In a moment of weakness, I decided the best tool for the job was my wallet. And so, on my way to work this morning, I pulled into Joe's Service Center in Warrenton, Virginia where I had been visiting my folks for Christmas. The receptionists, Kathy and Kelly, said Joe could squeeze me in if I waited for a few minutes, so I handed over the keys.
As I took a seat, I noticed that this was no ordinary service station waiting room. Yes, there was the requisite television and car-related stuff on the walls. But there were also two large cases of historic objects and several photo albums full of old-timey Warrenton pictures.
I returned to the desk to inquire about the cases. Kathy informed me that the shop's owner, Joe Grimsley, was a lifelong resident of Warrenton with a very interesting family history, and she was an auctioneer who had helped put together and document the collection.
Joe's father, Turner Grimsley, had been a police officer in the Town of Warrenton beginning in the 1930s. When the Vint Hill army post opened during World War II, housing in the area became scarce. In July 1944, Turner was offered the position of deputy sheriff and country jailer. As part of the deal, he and his family, which by that point included a wife, Jean, and two sons, Joe and Gene, would have housing and board at the historic jail in the center of town, built in 1808. (This structure replaced the town's original jail, which had been built in the mid 1700s.) Turner quickly accepted the offer and the family moved in to the jail a few weeks later.
As part of the agreement, Jean Grimsley cooked meals for the prisoners. When it was time to eat, Turner would carry the food inside the cellblock while Jean waited outside, armed with a gun in case anyone tried to escape or assault her husband. Jean also looked after the jail when Turner was out walking his beat and convinced the town to install a telephone outside the courthouse so that she could contact him if the prisoners acted up while he was out patrolling. Joe and Gene watched the action through windows on the first floor.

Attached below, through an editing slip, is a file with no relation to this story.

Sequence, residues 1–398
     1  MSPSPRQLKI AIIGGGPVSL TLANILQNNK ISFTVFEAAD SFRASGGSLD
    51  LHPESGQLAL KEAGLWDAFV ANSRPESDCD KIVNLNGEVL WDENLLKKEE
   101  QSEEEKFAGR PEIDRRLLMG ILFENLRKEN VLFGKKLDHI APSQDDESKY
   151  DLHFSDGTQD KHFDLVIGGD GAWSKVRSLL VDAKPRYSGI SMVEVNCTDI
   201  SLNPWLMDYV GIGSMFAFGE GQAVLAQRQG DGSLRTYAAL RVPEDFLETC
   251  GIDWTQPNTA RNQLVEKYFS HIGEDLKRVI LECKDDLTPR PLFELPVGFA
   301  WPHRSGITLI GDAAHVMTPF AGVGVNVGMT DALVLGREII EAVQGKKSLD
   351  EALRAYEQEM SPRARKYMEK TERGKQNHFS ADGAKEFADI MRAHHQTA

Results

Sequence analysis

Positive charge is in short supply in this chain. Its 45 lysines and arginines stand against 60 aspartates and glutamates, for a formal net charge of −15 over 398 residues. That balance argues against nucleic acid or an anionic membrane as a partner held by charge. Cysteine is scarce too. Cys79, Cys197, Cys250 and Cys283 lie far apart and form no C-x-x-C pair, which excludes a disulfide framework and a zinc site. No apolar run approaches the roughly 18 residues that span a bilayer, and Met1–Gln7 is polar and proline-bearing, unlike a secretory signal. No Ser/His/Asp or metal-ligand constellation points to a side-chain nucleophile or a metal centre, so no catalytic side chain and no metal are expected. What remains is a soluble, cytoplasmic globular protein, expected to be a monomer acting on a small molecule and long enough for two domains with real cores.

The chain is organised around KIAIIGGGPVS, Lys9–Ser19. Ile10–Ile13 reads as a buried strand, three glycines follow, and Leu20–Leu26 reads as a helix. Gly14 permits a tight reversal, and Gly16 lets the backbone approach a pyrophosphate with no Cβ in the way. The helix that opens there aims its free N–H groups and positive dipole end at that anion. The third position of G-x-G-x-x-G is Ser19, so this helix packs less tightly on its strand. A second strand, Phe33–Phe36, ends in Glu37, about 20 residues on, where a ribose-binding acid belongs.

The Grimsleys unique living arrangement lasted until 1954 when Turner took another job.
A few years later, the county announced plans to demolish the old jail and move prisoners to a new building being constructed a few blocks away. Local citizens rallied to save the structure, which is the oldest public building in Fauquier County, and convinced the county to preserve it. Today the Fauquier Historical Society has its headquarters in the building and operates the Old Jail Museum, giving visitors a glimpse of what prison life was like during the 1800s.
It's definitely worth a visit. But, as we know, it isn't the only history museum in town. Just ask Joe Grimsley.
Toler, John T. "A Warrenton Family's Unique Experience," Warrenton Lifestyle, August 2011.
Toler, John T. "The Old Jail Museum Showcases Our History," Warrenton Lifestyle, July 2012.